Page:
Twitter, Facebook target state-linked accounts made to manipulate

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December 21, 2019 11:12 AM

Separately, Facebook said on Friday it had blocked a network in Vietnam and the United States which posted pro-Trump messages aimed at US citizens, along with another network targeting domestic audiences in the country of Georgia.

Twitter, Facebook, state linked account, to manipulate,  China, India, Iran, Pakistan, Russia, Saudi Arabia, Venezuela Twitter said it released details on 5,929 accounts which it called a “representative sample” of the 88,000 suspicious accounts.

Facebook and Twitter have said they had blocked multiple government-backed manipulation operations around the world, several of which favoured US President Donald Trump, as part of a crackdown on state-sponsored propaganda efforts. Twitter said on Friday it had blocked some 88,000 accounts linked to Saudi state-backed “information operations”, in violation of its manipulation rules.

Separately, Facebook said on Friday it had blocked a network in Vietnam and the United States which posted pro-Trump messages aimed at US citizens, along with another network targeting domestic audiences in the country of Georgia. It comes as social media giants have been struggling in the face of state-backed disinformation efforts, often using automated accounts or “bots” to manipulate the platforms, amplifying their own messages while disparaging opponents.

Most of the accounts blocked by Twitter on Friday were in Arabic and aimed at “amplifying messages favourable to Saudi authorities,” but that some English language content was aimed at “Western audiences.” “Our internal analysis shows the network was involved in various forms of platform manipulation, targeting discussions related to Saudi Arabia and advancing their geopolitical interests on the world stage,” the Twitter safety team said in a blog post.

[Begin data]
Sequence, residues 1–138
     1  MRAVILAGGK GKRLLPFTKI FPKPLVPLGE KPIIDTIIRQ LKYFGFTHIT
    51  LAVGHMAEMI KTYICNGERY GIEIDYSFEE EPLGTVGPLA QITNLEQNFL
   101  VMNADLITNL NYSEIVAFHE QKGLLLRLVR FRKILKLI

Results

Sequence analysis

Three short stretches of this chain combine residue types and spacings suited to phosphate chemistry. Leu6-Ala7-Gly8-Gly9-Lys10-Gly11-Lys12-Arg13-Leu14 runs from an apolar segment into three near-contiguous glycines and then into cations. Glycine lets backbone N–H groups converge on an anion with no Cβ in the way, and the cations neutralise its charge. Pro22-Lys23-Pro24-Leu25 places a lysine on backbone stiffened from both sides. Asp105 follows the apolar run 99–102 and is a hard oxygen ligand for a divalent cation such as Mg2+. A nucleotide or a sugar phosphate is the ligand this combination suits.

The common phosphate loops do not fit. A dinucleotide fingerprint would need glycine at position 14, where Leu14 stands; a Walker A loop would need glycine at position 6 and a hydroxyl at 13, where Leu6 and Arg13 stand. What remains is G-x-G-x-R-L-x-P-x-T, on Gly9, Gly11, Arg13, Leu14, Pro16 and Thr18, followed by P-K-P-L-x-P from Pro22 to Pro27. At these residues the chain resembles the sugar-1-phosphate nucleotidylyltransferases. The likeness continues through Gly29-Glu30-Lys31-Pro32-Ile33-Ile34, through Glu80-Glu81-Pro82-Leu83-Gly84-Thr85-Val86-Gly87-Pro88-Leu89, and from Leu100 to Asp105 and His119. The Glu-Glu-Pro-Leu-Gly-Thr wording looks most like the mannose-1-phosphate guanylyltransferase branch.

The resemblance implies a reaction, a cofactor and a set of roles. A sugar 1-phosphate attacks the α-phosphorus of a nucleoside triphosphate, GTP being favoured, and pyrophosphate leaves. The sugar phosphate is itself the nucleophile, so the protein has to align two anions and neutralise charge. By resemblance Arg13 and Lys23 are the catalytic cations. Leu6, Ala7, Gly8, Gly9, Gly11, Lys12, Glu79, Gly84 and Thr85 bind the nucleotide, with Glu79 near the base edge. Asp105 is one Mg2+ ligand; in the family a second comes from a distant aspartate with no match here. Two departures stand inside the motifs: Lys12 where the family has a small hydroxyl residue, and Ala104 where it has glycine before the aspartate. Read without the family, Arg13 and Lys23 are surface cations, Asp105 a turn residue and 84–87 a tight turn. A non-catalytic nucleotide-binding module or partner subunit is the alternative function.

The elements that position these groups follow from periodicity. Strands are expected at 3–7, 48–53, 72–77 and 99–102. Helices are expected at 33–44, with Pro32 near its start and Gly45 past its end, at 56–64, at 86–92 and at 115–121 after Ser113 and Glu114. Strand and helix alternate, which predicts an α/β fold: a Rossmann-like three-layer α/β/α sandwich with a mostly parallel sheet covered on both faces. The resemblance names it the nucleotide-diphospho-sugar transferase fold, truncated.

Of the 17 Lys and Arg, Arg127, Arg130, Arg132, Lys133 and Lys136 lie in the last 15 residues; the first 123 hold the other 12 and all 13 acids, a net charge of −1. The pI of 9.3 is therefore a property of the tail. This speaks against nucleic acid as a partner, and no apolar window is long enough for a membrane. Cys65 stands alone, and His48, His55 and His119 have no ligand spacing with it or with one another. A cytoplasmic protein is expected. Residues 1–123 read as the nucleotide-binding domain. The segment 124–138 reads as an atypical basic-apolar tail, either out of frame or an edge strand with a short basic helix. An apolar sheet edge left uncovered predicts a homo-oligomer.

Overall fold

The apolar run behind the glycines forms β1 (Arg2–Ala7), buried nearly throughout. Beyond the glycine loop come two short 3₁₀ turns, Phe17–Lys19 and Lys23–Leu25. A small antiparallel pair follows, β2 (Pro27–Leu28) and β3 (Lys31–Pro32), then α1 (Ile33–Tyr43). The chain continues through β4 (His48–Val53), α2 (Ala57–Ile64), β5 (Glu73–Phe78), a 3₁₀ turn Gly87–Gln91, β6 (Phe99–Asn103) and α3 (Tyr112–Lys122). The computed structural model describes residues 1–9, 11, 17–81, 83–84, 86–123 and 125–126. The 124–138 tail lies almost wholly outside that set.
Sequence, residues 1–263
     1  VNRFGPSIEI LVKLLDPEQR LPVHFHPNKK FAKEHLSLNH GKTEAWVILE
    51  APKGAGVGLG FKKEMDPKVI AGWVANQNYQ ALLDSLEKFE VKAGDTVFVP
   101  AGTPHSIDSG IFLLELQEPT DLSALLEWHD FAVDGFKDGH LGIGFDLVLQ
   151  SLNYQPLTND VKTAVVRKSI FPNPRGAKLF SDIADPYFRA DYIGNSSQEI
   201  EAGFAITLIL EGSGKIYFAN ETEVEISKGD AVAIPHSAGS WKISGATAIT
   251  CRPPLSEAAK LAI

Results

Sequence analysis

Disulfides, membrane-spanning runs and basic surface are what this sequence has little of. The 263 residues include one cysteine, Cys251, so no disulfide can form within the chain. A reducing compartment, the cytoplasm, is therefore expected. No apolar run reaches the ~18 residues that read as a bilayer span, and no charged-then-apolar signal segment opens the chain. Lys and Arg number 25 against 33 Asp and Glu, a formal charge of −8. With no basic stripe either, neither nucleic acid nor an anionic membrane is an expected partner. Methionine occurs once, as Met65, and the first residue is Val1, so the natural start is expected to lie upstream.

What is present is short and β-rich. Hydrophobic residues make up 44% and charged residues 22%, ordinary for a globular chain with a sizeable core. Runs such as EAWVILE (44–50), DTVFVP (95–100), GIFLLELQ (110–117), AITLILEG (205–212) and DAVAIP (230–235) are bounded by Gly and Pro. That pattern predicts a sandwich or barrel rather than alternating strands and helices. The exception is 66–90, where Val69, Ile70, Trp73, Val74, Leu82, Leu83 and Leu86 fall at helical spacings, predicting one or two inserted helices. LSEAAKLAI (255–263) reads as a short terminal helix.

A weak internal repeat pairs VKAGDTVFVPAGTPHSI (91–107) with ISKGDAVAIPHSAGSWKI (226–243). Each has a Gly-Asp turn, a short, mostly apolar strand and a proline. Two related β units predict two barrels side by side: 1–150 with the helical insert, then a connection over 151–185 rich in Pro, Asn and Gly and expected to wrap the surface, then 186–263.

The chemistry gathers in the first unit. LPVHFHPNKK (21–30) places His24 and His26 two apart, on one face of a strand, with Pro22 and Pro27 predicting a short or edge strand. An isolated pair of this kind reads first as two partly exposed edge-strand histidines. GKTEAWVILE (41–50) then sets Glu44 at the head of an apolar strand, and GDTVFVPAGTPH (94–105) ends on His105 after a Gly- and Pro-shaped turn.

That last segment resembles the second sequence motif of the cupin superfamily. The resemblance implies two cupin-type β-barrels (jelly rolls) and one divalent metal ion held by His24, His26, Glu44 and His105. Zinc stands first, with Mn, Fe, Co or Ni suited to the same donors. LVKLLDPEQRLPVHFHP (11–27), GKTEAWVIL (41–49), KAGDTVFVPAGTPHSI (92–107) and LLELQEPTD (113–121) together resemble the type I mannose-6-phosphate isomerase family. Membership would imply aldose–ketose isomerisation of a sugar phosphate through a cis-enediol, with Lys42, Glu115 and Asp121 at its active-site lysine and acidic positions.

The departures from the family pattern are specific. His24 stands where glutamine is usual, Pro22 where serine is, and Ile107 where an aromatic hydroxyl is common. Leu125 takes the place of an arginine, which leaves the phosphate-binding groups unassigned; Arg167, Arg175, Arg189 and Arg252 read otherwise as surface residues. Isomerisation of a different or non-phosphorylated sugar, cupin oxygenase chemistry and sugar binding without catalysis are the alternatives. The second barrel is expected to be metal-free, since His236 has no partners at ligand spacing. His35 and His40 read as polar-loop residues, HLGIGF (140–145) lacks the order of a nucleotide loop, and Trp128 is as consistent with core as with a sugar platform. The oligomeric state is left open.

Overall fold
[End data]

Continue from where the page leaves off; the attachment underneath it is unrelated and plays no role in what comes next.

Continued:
Twitter said it released details on 5,929 accounts which it called a “representative sample” of the 88,000 suspicious accounts. Twitter’s investigations traced the source of the coordinated activity to the Saudi-based social media marketing firm Smaat, which has been permanently blocked from the platform.

Smaat was working for “high-profile individuals,” Twitter said, and several government departments in Saudi Arabia, using automated tools “to mask the overall platform manipulation originating from these accounts.” Some of the tweets in question date back to 2016 and appear to be supportive of President Donald Trump or his campaign.

One dated November 11, 2016 showed a photo of billionaire George Soros — a frequent target of conservatives — and said Trump should put him “on the FBI most wanted list.” Another from October 2016 showed a picture of former president Bill Clinton and said: “You don’t even need these polls, Donald Trump won. You can read it on Bill Clinton’s face.”

Facebook said the effort originating in Vietnam was traced to the multi-language media group Epoch Times, which is linked to the Falun Gong spiritual movement, and a US media outlet called BL, which has been posting pro-Trump messages.

The California-based company added that it removed more than 600 accounts on Facebook and Instagram. “The people behind this activity made widespread use of fake accounts — many of which had been automatically removed by our systems — to manage pages and groups, automate posting at very high frequencies and direct traffic to off-platform sites,” Facebook security chief Nathaniel Gleicher said.

“The BL-focused network repeatedly violated a number of our policies, including our policies against coordinated inauthentic behavior, spam and misrepresentation, to name just a few.”

The accounts posted memes and other content on conservative ideology and hot button US political issues including Trump’s impeachment, elections, trade, family values and freedom of religion, Gleicher said. Both Facebook and Twitter have in the past acted against manipulation efforts from Russia, Iran and other countries.

A recent report by the Oxford Internet Institute found manipulation efforts have doubled over the past two years and are being used in 56 countries.
The researchers said “sophisticated state actors” from at least seven countries are working outside their borders on global foreign influence operations, using Facebook and Twitter. The report identified the countries as China, India, Iran, Pakistan, Russia, Saudi Arabia and Venezuela.

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